Here I am to continue my M. Night Shyamalan series, as I review the movies that are part of his new-founded trilogy: Unbreakable, Split and the yet-to-be-released, Glass. So, Split ... Is it the return to form by Shyamalan?
Once again, Shyamalan's storytelling is very original, unconventional and mind-blowing at the same time. Instead of establishing everything the audience needs to know about the characters right at the beginning, he gradually develops them, giving them haunting backstories and spreading parts of it throughout the runtime.
It's because of that, that I say this film isn't for everyone. The audience needs to trust Shyamalan and be patient. Very patient. Don't start taking notes about something that you THINK it's negative because once you reach the third act, everything changes and suddenly it all makes sense. The screenplay is not as twisty as Unbreakable, for example, but it demands absolute attention in order to catch on all the things that matter (and the ones that don't, as well).
The production and editing team have to be congratulated due to their seamless work. From the camera work to the long one-takes, as well as the environment surrounding the characters, everything feels real and looks amazing. The soundtrack ... Let me just say that this element is so, but so much important to the conclusion of this movie. I can't really say anything else without spoiling the ending, so I'll leave a note after my rating at the end of the review with a MAJOR SPOILER.
As for the cast, I'll start with the man that I honestly think should receive an Oscar nomination: James McAvoy. You know, there's a big difference in portraying a non-fiction character from a fiction one: with the first one, you can't really escape the true nature of the person you are playing, but with a non-fiction character, as an actor/actress, you have to deliver yourself 100% to the role for it to be believable ... And God, does McAvoy deliver! He gives 200% in what could be his best performance to date. Did you think Andy Serkis had problems portraying both Gollum and Sméagol at the same time? Well, imagine 6 ... or 7 characters. I lost the count. All in all, James McAvoy, sir, congratulations! You are superb!
Anya Taylor-Joy is also incredible as Casey! Her character has the most intriguing story of the three girls and she's the one that assumes the leadership of the group once the kidnap happens. Her initially unknown past helps her through the suspenseful situation, but it's really her very captivating backstory that grabbed my attention. It's fundamental to the understanding of the ending and Anya does a terrific job. I also want to give a small praise to Betty Buckley for a beautiful and necessary interpretation of Dr. Fletcher, a character that offers the audience some more knowledge on Kevin's disease.
As for the other two kidnapped girls, well ... They're my main issue with the film since they're there just because. Claire (Haley Lu Richardson) and Marcia (Jessica Sula) aren't the main characters and they don't have that much screen time, but their dialogue still feels very forced and with a lot of nonsense. The ending of the story might not be as twisty as in other Shyamalan's installments and I hope that people don't give up to false expectations. The classic Shyamalan's twisty ending isn't a necessary attribute of his films, but the truth is that the twist ... Is not the one you think it is. Once again, the note at the end of my review will clarify this.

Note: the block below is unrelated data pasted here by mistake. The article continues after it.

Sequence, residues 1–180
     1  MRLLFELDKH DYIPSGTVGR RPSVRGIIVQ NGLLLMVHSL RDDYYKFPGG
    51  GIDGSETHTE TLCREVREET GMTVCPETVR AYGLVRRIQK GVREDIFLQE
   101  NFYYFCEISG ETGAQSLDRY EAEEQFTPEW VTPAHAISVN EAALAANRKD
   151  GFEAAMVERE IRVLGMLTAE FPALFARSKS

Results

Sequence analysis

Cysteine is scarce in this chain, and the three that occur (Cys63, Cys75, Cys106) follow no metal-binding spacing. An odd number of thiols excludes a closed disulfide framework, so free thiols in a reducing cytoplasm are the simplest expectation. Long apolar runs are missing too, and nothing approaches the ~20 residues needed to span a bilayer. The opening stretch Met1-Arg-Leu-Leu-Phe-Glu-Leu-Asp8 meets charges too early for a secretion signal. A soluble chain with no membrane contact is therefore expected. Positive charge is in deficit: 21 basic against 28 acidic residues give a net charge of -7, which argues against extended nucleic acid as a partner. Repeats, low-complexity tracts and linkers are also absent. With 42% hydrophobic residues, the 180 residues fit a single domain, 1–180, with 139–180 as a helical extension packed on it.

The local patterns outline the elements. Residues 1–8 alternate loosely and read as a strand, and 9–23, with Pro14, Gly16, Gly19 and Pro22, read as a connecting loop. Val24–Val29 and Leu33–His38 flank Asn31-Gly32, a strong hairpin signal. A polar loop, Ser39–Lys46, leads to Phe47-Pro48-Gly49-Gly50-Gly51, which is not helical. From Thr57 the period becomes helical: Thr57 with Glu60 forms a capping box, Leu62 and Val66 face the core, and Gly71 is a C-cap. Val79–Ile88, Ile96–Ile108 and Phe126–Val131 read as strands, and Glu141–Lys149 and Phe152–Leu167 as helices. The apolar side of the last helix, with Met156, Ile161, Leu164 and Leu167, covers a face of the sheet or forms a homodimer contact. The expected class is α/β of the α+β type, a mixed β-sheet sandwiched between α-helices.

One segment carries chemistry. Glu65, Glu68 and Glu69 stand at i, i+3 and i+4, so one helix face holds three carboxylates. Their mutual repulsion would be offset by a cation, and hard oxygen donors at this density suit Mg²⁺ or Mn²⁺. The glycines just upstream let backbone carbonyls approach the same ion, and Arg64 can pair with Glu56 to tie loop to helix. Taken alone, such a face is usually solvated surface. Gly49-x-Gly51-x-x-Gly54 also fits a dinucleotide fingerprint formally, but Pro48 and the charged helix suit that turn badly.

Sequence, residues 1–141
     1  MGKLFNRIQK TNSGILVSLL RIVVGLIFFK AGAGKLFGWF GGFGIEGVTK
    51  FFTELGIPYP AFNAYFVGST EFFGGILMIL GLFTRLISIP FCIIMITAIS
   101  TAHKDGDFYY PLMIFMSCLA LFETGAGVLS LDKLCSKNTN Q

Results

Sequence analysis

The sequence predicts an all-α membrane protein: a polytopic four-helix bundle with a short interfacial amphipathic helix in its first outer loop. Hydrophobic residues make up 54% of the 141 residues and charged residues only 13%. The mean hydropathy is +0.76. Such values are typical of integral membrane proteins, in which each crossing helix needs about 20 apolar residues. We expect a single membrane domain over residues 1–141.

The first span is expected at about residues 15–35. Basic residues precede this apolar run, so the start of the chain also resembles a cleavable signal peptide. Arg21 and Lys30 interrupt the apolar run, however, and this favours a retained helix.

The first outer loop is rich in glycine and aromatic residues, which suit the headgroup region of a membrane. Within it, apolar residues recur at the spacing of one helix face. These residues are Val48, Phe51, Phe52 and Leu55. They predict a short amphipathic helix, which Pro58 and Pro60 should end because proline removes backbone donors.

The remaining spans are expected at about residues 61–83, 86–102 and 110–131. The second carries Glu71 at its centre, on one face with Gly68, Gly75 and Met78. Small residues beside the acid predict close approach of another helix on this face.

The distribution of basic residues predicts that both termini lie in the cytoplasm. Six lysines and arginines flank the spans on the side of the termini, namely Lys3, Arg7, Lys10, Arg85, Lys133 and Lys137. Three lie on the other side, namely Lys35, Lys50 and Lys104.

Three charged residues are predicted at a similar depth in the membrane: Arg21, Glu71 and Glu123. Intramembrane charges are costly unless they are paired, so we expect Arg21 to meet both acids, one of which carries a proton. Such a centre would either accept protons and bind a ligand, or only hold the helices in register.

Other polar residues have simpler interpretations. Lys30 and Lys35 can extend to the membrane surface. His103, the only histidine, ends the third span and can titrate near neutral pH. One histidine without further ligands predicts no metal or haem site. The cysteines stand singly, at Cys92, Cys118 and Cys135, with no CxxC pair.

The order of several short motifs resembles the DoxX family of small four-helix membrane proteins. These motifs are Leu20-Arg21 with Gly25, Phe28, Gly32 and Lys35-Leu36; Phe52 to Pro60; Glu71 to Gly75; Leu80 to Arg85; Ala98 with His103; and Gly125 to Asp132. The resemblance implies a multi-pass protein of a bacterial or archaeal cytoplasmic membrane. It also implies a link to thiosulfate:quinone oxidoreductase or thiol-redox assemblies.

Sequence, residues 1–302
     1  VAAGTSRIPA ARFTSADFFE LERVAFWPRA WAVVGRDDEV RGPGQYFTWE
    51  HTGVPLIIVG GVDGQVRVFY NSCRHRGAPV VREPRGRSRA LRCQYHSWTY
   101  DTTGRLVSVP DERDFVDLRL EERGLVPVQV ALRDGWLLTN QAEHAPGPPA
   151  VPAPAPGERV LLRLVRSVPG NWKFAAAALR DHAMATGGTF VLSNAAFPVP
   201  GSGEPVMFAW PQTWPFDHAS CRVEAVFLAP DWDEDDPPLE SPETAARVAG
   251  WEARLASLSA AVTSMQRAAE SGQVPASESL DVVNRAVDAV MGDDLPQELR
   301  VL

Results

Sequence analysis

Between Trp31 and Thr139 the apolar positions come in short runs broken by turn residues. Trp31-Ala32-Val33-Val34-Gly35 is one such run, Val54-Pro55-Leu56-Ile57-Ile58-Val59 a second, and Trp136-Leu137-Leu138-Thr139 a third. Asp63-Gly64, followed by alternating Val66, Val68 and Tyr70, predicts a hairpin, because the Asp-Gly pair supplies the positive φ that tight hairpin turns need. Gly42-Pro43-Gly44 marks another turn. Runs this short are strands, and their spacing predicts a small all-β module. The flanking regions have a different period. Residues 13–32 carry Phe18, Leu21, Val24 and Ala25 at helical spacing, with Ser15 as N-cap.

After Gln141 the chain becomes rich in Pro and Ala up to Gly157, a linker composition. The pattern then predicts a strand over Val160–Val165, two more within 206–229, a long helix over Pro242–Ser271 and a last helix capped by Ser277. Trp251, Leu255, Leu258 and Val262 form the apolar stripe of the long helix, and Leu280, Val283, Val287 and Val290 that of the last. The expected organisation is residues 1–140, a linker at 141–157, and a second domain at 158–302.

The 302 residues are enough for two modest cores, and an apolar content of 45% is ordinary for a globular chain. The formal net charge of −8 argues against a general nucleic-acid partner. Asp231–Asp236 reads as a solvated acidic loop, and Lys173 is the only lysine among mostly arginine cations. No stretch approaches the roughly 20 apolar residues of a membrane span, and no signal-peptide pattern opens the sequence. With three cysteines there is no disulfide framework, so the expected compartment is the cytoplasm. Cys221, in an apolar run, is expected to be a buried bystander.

Split is Shyamalan's return to his old early 2000's self. Brilliantly unconventional storytelling, a lot of suspense, some very captivating stories and an incredible editing and production team behind him. The soundtrack plays a huge role in this movie, as well as James McAvoy, who has his career-best performance. Anya Taylor-Joy is also pretty amazing, something that can't be said about her fellow friends that portrayed two bland characters. The ending brings the classic twist that makes everything more understandable and I gotta say ... I love this film and it is one of 2017's best!
As I said above, the soundtrack plays a huge role in the ending twist. That's because the soundtrack that plays right before the title of the film appears on the screen, is the same one as in the third act of Unbreakable.
This is one of the many clues throughout the film that hint at the idea that Split belongs to Unbreakable's universe. Obviously, after the title appears on the screen, there's a scene with David Dunn (Bruce Willis) that confirms this theory, but these are little details that make Shyamalan into a great director.
Also, it's a pity that I've only watched these films after Shyamalan stating that they were part of an eventual trilogy. Not that I was unsurprised at the end of Split, but it did remove that first impact of a pure shock in knowing that two movies separated by 17 years (in real life) are part of the same universe.
Honestly, both movies end up falling into the "superhero" genre. Unbreakable is the story of our "hero" that spent his whole life sad because he wasn't doing "what he was supposed to do" and Split is an origin story of our "villain". If Glass delivers, this might be one of my favorite trilogies ever and one of the best "superhero" trilogies of all-time.
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